“I’ll be 50 by the time this tour ends,” he says. “I don’t have a pension, we have two kids and a mortgage, and in a way you can’t afford to do television at the moment. Two hours of material kept on the road for two years is worth three times what the BBC will pay for it.
“So my plan was, I’ll do a two-year tour every three years, so that’s me at 51, 54, 57, 60 . . . Five more to retirement age. Ten hours of material. If the audience depreciates by 75 per cent over that time, there will still be enough to shift the mortgage and save a bit for a pension, so that will be all right.”
Last summer, though, the EU referendum result came. He was horrified. “I thought we had beaten the system because we’ve got a house, and the children have their own bedrooms, and then I thought that this house is in a country I don’t really recognise any more.”
Christie rewrote her Edinburgh Fringe show; Lee stayed up for “about a week” thinking through the implications, reworking his routines. The result was “a health scare . . . a high blood pressure thing” that made him question whether he could keep this regime going indefinitely. “The thing I didn’t factor in was being really old and knackered and not being able to do it. So then I thought last summer I really should be able to do something else.”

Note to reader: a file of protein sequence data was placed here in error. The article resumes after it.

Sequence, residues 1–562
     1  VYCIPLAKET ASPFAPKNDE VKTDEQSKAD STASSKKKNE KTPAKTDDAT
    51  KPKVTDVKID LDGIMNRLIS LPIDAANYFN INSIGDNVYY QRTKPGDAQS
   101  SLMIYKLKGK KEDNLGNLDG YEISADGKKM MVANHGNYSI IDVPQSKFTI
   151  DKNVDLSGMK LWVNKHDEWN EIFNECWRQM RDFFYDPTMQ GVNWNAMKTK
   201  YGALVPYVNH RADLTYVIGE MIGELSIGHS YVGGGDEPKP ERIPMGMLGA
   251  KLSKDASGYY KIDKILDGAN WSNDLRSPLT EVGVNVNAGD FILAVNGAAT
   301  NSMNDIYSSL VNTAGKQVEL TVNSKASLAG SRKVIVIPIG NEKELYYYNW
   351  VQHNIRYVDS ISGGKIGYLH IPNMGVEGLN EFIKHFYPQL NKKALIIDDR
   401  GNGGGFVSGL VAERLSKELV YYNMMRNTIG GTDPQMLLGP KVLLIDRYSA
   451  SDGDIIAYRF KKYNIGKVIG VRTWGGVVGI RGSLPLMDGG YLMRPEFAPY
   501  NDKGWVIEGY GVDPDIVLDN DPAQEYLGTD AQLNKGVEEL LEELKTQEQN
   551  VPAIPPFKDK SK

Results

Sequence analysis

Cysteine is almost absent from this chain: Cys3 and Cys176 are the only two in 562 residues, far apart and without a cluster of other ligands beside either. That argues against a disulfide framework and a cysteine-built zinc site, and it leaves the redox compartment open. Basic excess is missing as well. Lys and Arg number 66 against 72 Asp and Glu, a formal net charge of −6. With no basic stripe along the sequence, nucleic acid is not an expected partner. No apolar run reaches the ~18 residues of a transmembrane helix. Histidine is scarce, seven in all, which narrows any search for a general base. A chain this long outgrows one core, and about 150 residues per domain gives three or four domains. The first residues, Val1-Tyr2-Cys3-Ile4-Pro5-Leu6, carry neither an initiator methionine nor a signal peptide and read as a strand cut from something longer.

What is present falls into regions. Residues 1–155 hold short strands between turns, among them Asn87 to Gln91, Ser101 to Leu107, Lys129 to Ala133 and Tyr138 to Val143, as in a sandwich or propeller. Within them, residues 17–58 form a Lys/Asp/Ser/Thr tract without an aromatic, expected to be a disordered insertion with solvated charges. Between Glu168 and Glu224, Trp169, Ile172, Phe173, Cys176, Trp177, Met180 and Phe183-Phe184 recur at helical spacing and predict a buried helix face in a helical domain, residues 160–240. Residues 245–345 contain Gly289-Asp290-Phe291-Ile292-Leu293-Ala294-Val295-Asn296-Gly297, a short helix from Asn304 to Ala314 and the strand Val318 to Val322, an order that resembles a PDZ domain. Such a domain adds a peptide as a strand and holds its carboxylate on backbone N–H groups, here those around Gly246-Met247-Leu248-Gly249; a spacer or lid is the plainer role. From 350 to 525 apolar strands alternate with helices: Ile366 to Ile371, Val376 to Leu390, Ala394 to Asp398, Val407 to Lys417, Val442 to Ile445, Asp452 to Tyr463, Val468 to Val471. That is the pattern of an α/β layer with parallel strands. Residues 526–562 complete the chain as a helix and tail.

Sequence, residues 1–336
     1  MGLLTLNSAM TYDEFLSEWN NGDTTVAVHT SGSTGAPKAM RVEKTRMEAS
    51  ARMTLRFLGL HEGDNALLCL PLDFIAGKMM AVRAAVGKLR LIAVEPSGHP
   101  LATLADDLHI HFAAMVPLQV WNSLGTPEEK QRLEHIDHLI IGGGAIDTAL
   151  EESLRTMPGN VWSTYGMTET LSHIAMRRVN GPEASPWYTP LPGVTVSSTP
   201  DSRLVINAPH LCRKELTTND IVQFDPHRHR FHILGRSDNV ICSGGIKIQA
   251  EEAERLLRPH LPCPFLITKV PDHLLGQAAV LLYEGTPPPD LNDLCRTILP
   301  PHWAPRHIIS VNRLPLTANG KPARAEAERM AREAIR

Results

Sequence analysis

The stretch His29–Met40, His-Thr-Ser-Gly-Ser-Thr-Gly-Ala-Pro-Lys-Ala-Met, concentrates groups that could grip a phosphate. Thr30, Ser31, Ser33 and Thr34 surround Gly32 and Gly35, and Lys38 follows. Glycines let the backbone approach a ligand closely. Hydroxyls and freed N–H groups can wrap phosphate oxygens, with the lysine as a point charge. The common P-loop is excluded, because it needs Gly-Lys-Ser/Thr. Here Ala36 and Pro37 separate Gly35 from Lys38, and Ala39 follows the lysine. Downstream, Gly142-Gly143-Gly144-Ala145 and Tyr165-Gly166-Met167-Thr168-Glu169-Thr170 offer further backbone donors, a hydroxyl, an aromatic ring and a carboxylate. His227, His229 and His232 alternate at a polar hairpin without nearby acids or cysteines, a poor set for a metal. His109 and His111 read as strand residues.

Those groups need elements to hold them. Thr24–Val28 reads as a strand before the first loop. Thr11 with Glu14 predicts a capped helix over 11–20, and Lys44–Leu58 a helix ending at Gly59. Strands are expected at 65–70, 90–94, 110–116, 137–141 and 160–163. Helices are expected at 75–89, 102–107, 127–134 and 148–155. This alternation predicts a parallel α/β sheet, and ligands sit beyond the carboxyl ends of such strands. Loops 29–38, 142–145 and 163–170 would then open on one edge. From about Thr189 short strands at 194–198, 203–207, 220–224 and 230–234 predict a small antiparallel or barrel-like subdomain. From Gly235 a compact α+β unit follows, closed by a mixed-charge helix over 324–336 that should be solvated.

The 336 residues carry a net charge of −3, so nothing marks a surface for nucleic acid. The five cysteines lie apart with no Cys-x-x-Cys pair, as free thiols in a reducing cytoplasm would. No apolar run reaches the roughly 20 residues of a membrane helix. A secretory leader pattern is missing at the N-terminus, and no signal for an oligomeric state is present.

So it’s just possible that we will be seeing him on television again, or at least something he has written. In September he spent three days staying awake again, this time writing a 90-page comedy script inspired by Brexit. He hopes it will be made, and soon — he’s working on it with Two Brothers, the production company that made The Missing for the BBC — but he’s not counting on it. It is, he says cheerfully, far too full of left-wing bias — even if this tale of a country that has an immigration referendum and then tries to use reality television and social media to control public opinion is rendered with so much left-wing bias that it’s part of the joke. “It’s like a sort of Comic Strip Presents . . . thing.”